... I'd give it some thought -before- calling this change a change for the sake of change, OK?

Plus, in the age of virtualization and high-performance networks assuming that a machine only has ethX devices (as opposed to ethX, brX, virtX, tapX, etc) is plain wrong.

Oh, and --please-- don't get me started about the mess that is called "Network device naming convention" under Windows.
I literally wrote a software that uses winpcap and reads various registry keys just to give the admins something that makes it remotely possible to understand which UUID belongs to which device. At least in that respect Windows is a bloody mess.

- Gilboa

Edited 2011-01-28 07:34 UTC

Reply Score: 3

RE[2]: And...
by B. Janssen on Fri 28th Jan 2011 10:33 UTC in reply to "RE: And..."
B. Janssen Member since:
2006-10-11

Even tried to explain to a sysadmin how one should look at lspci in-order to locate which devices are PCI and which are on-board so he/she will be able to understand which lines in each and every /etc/sysconfig/if-cfgX file and each line in /etc/udev/rules.d/70-persistent-net.rules should be changed just so two servers, each with multiple 1GbE and 10GbE cards, but with different firmware version will have the same device mapping? No?


Well, yes. That you are mucking around in individual interface configs shows me that you missed the point of persistent-net.rules. Then again, I don't find reading lspci output that hard ;)

Plus, in the age of virtualization and high-performance networks assuming that a machine only has ethX devices (as opposed to ethX, brX, virtX, tapX, etc) is plain wrong.


And the point would be? The suggested change is only concerning hardware NICs, not bridges, tunnels or virtual devices. Dell's little tool is not touching those.

I respect your anguish, GNU/Linux can be frustrating -- it certainly frustrates me from time to time -- but you seem to be confusing some things here.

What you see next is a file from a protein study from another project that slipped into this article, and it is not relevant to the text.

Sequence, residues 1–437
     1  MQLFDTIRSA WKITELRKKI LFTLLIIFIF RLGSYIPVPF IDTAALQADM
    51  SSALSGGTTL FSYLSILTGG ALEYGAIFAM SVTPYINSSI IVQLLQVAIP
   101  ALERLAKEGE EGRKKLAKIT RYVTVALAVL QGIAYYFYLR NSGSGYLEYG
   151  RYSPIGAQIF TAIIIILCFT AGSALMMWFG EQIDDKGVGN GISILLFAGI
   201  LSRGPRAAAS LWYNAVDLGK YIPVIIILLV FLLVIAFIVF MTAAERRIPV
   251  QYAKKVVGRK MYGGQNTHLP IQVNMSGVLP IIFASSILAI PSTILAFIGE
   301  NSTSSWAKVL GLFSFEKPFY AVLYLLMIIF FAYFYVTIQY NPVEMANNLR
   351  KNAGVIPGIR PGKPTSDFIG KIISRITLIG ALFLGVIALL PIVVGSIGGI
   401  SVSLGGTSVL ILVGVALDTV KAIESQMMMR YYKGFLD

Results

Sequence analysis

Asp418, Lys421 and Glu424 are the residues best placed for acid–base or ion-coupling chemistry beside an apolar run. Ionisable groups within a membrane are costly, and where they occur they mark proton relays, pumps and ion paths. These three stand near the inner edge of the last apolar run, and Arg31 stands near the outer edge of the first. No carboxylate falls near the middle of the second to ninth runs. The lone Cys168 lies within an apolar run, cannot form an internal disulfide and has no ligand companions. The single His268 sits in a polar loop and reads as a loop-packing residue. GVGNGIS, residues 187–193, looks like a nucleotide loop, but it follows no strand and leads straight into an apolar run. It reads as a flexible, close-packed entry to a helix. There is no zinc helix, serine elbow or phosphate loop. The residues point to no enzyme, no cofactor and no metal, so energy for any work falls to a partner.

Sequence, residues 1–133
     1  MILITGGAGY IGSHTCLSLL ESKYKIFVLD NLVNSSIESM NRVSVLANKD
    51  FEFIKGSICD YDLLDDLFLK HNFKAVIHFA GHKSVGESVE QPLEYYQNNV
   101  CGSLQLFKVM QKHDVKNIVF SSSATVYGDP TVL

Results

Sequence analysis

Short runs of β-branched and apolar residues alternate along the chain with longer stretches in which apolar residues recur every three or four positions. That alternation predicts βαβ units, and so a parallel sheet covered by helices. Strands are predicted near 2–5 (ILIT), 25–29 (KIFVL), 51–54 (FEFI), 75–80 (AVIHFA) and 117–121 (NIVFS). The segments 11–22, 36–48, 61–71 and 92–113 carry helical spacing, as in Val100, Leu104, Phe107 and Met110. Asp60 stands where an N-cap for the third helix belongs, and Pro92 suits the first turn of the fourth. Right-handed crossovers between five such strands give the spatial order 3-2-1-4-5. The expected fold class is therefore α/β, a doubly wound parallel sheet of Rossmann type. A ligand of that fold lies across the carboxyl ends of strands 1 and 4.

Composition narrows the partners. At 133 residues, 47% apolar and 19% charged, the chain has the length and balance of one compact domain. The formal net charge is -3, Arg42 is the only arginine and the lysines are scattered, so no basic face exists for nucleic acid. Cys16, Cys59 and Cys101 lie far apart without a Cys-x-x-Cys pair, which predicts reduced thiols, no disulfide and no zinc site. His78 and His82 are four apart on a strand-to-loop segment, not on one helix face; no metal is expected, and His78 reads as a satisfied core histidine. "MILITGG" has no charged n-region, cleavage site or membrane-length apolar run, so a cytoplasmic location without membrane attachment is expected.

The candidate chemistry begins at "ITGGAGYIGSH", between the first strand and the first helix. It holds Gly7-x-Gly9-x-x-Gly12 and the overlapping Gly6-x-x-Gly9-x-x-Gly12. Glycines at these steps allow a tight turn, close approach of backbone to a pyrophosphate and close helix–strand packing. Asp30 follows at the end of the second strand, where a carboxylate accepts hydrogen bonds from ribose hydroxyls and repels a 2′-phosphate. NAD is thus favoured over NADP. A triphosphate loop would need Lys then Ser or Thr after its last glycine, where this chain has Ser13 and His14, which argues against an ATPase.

Reply Score: 2

RE[3]: And...
by gilboa on Mon 31st Jan 2011 20:43 UTC in reply to "RE[2]: And..."
gilboa Member since:
2005-07-06

Well, yes. That you are mucking around in individual interface configs shows me that you missed the point of persistent-net.rules.


What makes you say that?
(See the comments below)

Then again, I don't find reading lspci output that hard ;)


Neither do I.
... But try explaining to a Windows admin how to sync persistent-net, if-cfg and lspci and you'll understand why this feature is -long- overdue.

And the point would be? The suggested change is only concerning hardware NICs, not bridges, tunnels or virtual devices. Dell's little tool is not touching those.


You have completely misunderstood my point.
My point was:
1. Giving network device according to their location (on-board, PCI-slot, etc) is a must when dealing with machines with large number of NICs.
2. Claiming that using non-ethX names will break modern network applications is absurd, given the large number of non-standard names being used today (brX, virtX, tapX, etc)

I respect your anguish, GNU/Linux can be frustrating -- it certainly frustrates me from time to time -- but you seem to be confusing some things here.


I believe you have completely mis-read my OP.

- Gilboa

Edited 2011-01-31 20:44 UTC